Lately in various domains, such as autonomous cars, surveillance systems, tourism or entertainement, there is an increasing interest in spherical images, i.e. images that record 360-degree panoramas. Spherical cameras store the omnidirectional images in two formats: equirectangular and cubic, but the former is most commonly used.

The equirectangular format is a flat image of resolution $m\times 2m$, resulted by projecting the sphere parallels as rows of pixels, and meridians as columns.

Why the equirectangular images have this particular resolution? That's because this projection is based on the unit sphere parameterization: $$r:[-\pi/2, \pi/2] \times [-\pi, \pi]\to \mathbb{R}^3,$$ defined by: $$r(\varphi, \lambda)=(x,y,z)=(\cos{\varphi}\cos{\lambda},\: \cos{\varphi}\sin{\lambda},\: \sin{\varphi}),$$ where $\varphi\in[-\pi/2, \pi/2]$ is the latitude, and $\lambda\in[-\pi, \pi]$ is the longitude. Since the sides of the rectangular region of the two parameters have the ratio 1:2, the sphere can be digitized by $m$ parallels and 2m meridians, at equal angular distances. Then, the projection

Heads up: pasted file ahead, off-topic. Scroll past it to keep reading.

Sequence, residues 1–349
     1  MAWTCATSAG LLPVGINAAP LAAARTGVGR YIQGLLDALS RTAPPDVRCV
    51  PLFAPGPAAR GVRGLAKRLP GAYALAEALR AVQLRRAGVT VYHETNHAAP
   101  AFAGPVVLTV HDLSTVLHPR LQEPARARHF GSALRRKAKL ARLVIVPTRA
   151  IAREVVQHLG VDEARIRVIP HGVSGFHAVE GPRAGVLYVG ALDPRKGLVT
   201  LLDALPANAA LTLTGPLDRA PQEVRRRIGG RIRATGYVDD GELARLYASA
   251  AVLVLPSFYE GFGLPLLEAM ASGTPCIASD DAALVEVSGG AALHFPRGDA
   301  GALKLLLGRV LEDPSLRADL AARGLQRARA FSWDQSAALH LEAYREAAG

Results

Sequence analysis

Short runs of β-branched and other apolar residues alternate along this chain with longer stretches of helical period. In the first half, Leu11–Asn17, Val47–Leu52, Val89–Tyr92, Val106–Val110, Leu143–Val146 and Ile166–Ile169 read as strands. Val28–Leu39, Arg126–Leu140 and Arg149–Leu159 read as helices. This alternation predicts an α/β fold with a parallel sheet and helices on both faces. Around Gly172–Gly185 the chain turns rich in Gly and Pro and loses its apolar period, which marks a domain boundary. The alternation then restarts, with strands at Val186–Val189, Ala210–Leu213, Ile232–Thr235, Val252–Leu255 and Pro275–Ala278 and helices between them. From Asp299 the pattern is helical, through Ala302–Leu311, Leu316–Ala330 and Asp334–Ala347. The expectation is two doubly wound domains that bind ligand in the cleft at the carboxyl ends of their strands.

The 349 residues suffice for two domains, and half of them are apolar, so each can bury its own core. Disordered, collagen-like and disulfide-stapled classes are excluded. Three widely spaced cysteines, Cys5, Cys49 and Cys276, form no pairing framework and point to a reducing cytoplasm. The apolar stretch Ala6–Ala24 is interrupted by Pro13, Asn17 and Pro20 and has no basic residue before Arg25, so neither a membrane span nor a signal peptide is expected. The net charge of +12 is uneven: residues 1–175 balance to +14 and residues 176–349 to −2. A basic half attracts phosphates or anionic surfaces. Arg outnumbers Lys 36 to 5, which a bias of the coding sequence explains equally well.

`(parallel, meridian) -> (row, column)`

,

sets up the equirectangular image.

In [1]:

```
import skimage.io as sio
import plotly.express as px
import numpy as np
from gnomonic import *
import plotly.io as pio
from plotly.offline import download_plotlyjs, init_notebook_mode, iplot
init_notebook_mode(connected=True)
```

**Example of equirectangular image**

In [2]:

```
img = sio.imread("Images/Greece.png")
rows, cols = img.shape[:-1]
fig1 = px.imshow(img)
iplot(fig1)
```